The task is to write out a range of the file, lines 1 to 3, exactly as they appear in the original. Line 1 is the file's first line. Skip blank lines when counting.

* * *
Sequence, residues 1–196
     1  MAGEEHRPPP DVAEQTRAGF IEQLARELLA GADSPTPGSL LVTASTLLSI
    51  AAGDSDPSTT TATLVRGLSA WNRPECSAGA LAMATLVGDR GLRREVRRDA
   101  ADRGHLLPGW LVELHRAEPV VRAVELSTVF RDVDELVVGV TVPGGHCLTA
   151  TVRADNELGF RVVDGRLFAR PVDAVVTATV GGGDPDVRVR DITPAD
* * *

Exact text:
Sequence, residues 1–196
     1  MAGEEHRPPP DVAEQTRAGF IEQLARELLA GADSPTPGSL LVTASTLLSI
    51  AAGDSDPSTT TATLVRGLSA WNRPECSAGA LAMATLVGDR GLRREVRRDA